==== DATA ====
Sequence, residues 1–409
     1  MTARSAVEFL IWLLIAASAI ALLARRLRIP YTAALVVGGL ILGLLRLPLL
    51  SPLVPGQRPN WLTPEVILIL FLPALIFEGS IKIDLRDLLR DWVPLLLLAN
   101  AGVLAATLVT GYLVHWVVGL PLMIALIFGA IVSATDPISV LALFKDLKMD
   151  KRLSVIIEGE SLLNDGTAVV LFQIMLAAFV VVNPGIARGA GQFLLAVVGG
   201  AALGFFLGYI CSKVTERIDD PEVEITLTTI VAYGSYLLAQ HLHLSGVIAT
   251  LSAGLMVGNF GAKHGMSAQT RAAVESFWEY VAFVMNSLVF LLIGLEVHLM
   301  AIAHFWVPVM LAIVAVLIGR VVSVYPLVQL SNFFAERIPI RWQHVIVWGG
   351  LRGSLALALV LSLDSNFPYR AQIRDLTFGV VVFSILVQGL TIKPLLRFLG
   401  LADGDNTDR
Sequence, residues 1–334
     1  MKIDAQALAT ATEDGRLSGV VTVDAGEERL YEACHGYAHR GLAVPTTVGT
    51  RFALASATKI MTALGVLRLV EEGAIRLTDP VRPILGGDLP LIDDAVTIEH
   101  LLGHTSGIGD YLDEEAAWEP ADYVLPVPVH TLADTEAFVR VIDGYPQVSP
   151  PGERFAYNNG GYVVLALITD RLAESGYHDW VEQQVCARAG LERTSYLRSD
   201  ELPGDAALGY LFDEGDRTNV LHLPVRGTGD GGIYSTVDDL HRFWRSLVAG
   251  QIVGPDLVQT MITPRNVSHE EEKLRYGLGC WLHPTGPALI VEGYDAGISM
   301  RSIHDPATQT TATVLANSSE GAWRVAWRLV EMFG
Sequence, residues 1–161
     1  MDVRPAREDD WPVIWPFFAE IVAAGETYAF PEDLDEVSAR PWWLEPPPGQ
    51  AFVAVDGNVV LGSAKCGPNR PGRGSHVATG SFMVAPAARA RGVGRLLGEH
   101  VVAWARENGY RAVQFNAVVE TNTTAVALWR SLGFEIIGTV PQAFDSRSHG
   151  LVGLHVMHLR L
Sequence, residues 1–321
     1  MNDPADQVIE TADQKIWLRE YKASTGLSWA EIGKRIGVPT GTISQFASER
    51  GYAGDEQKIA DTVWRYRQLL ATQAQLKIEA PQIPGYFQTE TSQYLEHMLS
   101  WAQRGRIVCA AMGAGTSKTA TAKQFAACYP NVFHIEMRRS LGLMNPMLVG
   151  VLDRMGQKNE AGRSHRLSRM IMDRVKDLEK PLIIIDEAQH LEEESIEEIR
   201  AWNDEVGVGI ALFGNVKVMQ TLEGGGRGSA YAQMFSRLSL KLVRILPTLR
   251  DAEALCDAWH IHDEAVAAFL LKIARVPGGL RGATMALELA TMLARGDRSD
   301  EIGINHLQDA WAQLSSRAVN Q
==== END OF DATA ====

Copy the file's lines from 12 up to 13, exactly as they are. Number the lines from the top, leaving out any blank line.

     1  MKIDAQALAT ATEDGRLSGV VTVDAGEERL YEACHGYAHR GLAVPTTVGT
    51  RFALASATKI MTALGVLRLV EEGAIRLTDP VRPILGGDLP LIDDAVTIEH